Saturday, July 4, 2009

Dealing with the Neighbors

Here I am at an unnamed cache. Story below.

I recently had 3/4 of GAIN Academy and a friend of theirs out and about. Midafternoon, weekday. We hit a couple urban geocaches and had an encounter with a neighbor. I've been thinking about the incident for a while, and since this woman did not share her thoughts, I really do not know what her purpose was in approaching us. The situation was like this:

The kids and I are walking along a ridge, which was the top of a berm planted with trees. On one side of the berm is a building and parking lot. On the other side is wooden fencing. The fence separates the building from the backyards of a neighborhood. Some yards had gates in the fence.

We're tootling along in the hot sun, finding a shady spot to sit and sign the log book, when a gal comes out from behind a fence.

Staccato voice. "What are you doing here?" Her voice is not friendly at all. I think we were clearly not casing the neighborhood with the intent of burglarizing. We were looking in the trees. I answered, "We are geocaching."

Her voice remained unchanged. "What's that?"

"It's a game. You get coordinates for a treasure hunt, then go to the coordinates and find it."

"Where do they come from?"

"The location with the coordinates come from the geocaching website. This cache has been here (I look at the top of the logbook)....since last March."

Longer pause than in the past. "Are other people coming?"

"Well, anyone can play the game. It's self-regulating, so people finding the cache report and let everyone know if the container is still here to find, if it's missing, logbook is wet, etc."

"N" inserts that some people are nutty about the finding caches, and names a player as an example. I respond to him loudly (so that the neighbor and the friend could hear) that the player in question was third person to find the cache. "N" of GAIN and I were sincerely as friendly as we could be -- friendly between ourselves, friendly to her. She wasn't warming up to us or the hobby. This continued for two more minutes, ending with her abruptly leaving, no good byes. And she never got physically close to us to see the container or log book, despite our attempts to engage her.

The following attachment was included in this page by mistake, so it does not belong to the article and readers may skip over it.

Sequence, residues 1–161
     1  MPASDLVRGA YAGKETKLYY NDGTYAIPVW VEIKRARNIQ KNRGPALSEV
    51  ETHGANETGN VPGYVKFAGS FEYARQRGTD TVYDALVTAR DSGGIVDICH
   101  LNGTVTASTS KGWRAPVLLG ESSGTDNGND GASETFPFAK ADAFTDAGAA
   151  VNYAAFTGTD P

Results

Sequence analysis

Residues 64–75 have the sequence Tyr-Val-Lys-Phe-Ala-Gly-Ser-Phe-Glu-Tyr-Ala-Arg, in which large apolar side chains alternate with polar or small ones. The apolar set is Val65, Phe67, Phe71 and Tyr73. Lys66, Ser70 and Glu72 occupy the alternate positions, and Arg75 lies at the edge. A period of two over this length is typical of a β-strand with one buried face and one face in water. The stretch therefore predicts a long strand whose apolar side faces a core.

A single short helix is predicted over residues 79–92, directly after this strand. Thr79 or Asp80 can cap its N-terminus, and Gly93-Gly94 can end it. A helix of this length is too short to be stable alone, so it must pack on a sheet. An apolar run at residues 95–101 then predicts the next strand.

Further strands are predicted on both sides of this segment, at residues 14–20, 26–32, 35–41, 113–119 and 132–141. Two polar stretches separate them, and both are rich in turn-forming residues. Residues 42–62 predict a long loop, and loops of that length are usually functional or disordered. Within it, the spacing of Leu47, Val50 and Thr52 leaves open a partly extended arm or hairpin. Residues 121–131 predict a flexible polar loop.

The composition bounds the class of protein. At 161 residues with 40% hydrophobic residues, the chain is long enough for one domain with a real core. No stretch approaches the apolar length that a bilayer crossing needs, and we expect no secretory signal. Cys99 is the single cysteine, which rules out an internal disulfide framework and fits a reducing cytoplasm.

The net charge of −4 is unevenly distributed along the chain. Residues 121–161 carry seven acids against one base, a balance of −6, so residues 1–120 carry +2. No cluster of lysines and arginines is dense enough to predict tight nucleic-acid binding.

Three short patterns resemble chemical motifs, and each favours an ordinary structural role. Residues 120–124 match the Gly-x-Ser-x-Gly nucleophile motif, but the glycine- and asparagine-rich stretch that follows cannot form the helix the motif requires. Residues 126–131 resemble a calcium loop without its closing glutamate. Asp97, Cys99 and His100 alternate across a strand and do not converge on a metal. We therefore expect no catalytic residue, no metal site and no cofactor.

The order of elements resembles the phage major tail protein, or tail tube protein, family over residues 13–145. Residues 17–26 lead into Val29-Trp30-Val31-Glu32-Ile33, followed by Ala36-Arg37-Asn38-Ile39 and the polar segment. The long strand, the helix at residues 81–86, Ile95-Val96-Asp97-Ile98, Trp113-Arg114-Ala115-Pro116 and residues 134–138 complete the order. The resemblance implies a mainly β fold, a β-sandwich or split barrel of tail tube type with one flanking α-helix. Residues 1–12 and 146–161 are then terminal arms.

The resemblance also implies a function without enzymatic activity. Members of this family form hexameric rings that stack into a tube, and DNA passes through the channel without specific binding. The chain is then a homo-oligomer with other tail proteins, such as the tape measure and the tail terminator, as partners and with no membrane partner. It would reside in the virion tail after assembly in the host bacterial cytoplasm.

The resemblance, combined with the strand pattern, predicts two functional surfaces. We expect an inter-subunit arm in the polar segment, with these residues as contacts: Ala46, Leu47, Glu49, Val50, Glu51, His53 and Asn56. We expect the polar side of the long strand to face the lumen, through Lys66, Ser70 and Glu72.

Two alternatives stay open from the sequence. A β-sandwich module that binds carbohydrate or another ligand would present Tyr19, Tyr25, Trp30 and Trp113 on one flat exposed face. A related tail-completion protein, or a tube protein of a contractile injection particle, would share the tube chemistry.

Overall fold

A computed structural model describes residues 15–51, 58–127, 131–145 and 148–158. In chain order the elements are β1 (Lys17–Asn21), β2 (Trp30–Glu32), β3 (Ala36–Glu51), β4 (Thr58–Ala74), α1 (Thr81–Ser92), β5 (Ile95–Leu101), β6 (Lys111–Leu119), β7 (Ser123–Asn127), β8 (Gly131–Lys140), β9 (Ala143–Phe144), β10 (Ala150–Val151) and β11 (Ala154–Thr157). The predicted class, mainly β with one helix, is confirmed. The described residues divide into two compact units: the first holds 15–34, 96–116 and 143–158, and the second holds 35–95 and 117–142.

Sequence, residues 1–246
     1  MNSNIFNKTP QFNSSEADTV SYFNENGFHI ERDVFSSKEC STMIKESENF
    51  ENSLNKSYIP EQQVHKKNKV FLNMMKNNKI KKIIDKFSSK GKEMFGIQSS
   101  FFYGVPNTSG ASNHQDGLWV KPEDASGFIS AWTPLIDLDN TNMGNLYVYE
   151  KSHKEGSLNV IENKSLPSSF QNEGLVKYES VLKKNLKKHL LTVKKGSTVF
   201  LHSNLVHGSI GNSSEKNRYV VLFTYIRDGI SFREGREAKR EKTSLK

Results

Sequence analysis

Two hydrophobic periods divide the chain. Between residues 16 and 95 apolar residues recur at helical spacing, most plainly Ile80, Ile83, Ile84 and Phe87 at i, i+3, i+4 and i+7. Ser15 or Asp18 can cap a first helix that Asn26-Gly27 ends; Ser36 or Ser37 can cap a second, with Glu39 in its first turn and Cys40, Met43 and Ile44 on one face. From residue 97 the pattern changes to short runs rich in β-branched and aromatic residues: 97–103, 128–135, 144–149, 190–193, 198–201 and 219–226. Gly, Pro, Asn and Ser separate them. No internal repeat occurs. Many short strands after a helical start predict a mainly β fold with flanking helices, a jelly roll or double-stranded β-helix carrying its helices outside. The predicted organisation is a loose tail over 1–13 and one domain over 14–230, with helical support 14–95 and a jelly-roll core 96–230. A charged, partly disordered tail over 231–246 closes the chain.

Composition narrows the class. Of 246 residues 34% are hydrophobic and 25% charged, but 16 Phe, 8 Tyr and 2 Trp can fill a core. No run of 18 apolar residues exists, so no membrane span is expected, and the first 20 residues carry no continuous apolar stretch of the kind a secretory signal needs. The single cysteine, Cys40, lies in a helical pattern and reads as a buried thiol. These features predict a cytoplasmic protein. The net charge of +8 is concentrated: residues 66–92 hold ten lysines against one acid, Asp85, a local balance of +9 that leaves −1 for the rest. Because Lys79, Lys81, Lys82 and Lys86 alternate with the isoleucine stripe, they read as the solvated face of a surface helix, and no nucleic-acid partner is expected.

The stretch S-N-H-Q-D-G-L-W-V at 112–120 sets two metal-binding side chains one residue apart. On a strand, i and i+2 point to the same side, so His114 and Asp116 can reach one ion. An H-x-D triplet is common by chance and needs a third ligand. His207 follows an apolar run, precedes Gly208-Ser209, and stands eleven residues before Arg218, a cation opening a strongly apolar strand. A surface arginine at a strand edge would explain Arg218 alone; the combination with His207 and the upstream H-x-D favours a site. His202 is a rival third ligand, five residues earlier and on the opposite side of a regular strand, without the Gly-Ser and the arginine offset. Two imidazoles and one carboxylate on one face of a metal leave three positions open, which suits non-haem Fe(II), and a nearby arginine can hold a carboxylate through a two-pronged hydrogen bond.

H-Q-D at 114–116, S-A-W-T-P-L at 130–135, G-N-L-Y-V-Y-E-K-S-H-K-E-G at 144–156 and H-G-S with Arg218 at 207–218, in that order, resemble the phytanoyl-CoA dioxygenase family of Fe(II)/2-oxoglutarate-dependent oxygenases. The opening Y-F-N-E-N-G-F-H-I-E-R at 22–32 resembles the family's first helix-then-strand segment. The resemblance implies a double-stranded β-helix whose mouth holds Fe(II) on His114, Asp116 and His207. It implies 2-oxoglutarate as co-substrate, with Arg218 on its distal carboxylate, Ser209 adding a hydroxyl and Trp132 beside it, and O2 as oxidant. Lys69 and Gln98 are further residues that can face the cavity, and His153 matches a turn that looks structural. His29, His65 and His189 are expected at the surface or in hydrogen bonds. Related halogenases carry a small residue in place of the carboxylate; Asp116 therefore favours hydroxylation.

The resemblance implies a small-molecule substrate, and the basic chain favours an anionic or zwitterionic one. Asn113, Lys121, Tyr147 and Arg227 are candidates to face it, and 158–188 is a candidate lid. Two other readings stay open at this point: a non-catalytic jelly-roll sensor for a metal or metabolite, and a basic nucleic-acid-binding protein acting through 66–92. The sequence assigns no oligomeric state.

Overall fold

Did we convert her to the sport? I doubt it. Is she concerned about her safety? Probably, but now she has an idea of what to expect -- that we aren't coming after her, her property, or her family. Should we use more stealth with urban caches? The answer will always be yes, but it leads to: Should the hiders design different caches or choose different hiding places? Again, the answer will probably always be yes, but what about the lovable cache quality of "the unknown." The variety of hiding spots and situations make the sport (hobby?) awesome. I don't think anything should change.

We did the best we could and that's all we can do.

1 comment:

Heather's Moving Castle said...

Some people are just not going to be pleased no matter what. Use the q-tip approach I learn at the conference I went to in May: Quit Taking it Personally.

Have fun, too! :O)